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Y.F. Chan, G.K. Sidhu

Universiti Teknologi MARA (MALAYSIA)
In the past two decades a conceptual shift has occurred in the practice of assessment, from a teacher-directed perspective to one that involves students in the assessment process, or in other words the shift from a testing culture to an assessment culture. OECD (2005) states that, to be truly effective, assessment should also be “formative” – in other words, identifying and responding to the students’ learning needs. In classrooms featuring formative assessment, teachers make frequent, interactive assessments of student understanding through different types of assessment of assignment. This enables them to adjust their teaching to meet individual student needs, and to better help all students to reach high standards. Teachers also actively involve students in the process, helping them to develop skills that enable them to learn better. However, the effectiveness of any assessment depends on the quantity and quality of feedback, and how it is incorporated by students in subsequent performance, or more specifically: why, what, when, how and who should (be) assess(ed). Narciss (2008) defines feedback as ‘‘all post-response information that is provided to a learner to inform the learner on his or her actual state of learning or performance’’. Teachers and researchers have found that the most effective feedback is timely, specific and tied to explicit criteria. As feedback was meant to facilitate elaboration and to fill knowledge gaps, elaborated feedback was provided, which consisted of knowledge of results, knowledge of correct response, and explanations why the student’s answer was correct or not. Students who exhibit behaviors that allow them to master academic work are seen to have deep cognitive engagement, while students who exhibit behaviors such as rote memorization and rituals they perceive will help them do well without developing mastery of the material are demonstrating shallow engagement. Hence, formative assessment focuses on cognitive, social, affective, and meta-cognitive aspects of learning, often applies a multi-method approach and it leads to a profile instead of a single score.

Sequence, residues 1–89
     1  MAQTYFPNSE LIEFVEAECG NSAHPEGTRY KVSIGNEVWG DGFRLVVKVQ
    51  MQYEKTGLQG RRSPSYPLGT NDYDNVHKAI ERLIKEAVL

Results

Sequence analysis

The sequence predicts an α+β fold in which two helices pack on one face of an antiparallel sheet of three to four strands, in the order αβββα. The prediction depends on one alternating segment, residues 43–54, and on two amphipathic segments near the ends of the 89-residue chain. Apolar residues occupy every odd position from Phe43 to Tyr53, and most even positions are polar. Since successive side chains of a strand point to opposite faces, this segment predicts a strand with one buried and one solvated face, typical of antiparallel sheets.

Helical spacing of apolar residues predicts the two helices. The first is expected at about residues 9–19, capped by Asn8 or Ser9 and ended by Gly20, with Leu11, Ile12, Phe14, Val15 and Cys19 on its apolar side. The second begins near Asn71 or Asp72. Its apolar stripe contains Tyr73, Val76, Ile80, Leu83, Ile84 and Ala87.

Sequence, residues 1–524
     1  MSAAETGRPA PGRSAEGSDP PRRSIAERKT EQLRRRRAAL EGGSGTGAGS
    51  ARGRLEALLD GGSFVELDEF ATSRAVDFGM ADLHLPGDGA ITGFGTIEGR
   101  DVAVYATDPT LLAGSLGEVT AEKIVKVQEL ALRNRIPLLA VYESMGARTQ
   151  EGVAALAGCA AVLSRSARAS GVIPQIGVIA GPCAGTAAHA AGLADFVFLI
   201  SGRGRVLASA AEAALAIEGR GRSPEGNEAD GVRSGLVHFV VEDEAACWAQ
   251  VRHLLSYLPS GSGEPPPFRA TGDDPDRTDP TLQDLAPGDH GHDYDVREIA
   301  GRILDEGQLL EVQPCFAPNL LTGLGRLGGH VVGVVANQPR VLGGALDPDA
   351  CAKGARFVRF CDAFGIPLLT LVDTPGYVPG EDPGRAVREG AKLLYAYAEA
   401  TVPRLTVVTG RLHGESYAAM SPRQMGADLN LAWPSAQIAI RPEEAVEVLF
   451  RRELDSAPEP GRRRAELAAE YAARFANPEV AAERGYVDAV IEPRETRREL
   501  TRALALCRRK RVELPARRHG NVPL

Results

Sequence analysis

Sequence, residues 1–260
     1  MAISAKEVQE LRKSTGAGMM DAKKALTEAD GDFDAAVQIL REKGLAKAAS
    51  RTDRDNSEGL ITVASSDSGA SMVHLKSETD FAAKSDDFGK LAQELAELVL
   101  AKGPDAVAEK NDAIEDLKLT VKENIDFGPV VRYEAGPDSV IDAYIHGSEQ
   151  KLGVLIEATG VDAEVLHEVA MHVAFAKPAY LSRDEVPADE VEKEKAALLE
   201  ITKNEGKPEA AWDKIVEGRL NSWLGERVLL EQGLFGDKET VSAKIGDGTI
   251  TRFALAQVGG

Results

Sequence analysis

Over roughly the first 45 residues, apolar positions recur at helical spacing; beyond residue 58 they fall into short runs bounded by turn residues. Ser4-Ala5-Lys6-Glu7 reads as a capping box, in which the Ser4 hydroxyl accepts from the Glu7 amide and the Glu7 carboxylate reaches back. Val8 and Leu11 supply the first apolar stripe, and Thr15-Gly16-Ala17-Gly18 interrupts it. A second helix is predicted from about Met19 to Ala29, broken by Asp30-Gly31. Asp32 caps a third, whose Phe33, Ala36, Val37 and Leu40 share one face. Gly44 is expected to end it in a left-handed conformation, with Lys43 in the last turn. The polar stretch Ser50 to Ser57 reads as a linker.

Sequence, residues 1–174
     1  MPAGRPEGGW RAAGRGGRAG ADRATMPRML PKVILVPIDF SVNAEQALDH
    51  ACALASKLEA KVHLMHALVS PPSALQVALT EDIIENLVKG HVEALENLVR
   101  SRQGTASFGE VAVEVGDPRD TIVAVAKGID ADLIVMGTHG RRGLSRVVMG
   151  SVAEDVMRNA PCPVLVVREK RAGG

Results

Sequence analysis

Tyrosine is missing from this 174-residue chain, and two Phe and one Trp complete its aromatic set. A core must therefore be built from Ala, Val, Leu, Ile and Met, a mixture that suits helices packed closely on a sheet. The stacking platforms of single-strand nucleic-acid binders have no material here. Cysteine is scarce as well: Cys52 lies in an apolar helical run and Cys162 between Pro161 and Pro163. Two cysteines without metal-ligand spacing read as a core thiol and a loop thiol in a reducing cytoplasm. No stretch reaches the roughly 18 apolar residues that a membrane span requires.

This study examined the relationship between assignment and feedback practices on cognitive development among students in higher education. The data for the study was collected from 470 postgraduate respondents through a survey questionnaire. Generally, the findings depicted that students were satisfied with the assignments given to them in their course. Even though the quantity and timing of feedback have been only rated at the moderate level, however, most of the students were satisfied with the quality of feedback provided by their lecturers. Most of the students have also indicated positive response towards the utilisation of feedback in their learning. Even though, not many lecturers have provided adequate and good feedback, however, students felt that their cognitive development has been enhanced. The findings also identified a positive, moderate, and significant relationship between assignment practices, feedback practices and cognitive development among the students in higher education. The finding of the study supports the argument that formative assessment which provides frequent and timing feedback has a positive impact on students’ cognitive development. This study has implications for the improvement of assignment practices and feedback practices among postgraduate programmes in higher education.